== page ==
Both Antigua and Barbuda are almost completely surrounded by well-preserved coral reefs, walls, and shipwrecks. The southern and eastern coasts of Antigua and virtually the entire coast of Barbuda are surrounded by shelfs, providing excellent conditions for spectacular shallow diving and snorkeling. There is little or no current in most places, and the water temperature averages about 80 F (25 C). Underwater visibility ranges from 50 to 140 feet, and tropical marine plants and animals are diverse and plentiful. Snorkeling is possible at many of both islands’ most beautiful beaches; one of Antigua’s best-known offshore sites, Cades Reef, is now partly contained in a designated underwater park. Another popular destination is the wreck of the Andes, a three-masted merchant ship that sank in 1905 and now rests in less than thirty feet of water in (ironically enough) Deep Bay. Antigua’s dive facilities are far superior to those available on smaller Barbuda, and so most of the sites that have been established as dive destinations are Antiguan. The southern and eastern coasts are considered to offer the most consistent diving; for more advanced divers, the ledge of Sunken Rock on the south coast is a popular site. Dive depths generally range from 25 to 80 feet and can reach 180 feet; distances from shore to site are in some cases no more than five minutes and at most 40 minutes away.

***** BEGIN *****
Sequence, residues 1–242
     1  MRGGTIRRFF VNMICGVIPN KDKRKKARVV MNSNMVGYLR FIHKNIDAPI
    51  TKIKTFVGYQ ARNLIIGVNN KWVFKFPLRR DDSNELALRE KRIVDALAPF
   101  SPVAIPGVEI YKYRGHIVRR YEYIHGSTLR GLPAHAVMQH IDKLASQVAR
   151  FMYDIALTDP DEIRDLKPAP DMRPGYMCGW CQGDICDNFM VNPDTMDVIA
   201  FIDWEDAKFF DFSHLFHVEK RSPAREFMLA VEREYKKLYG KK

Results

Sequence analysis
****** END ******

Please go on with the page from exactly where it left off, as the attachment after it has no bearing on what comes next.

Barbuda’s encircling reefs contain an enormous number of wrecks, most of which are yet to be explored; in fact, the Codrington fortunes on Barbuda were intimately linked to their acquisition of rights to the wreckage in the 17th-century. To dive off Barbuda, it is best to make arrangements with a dive shop on Antigua to have the necessary equipment taken over by air or boat.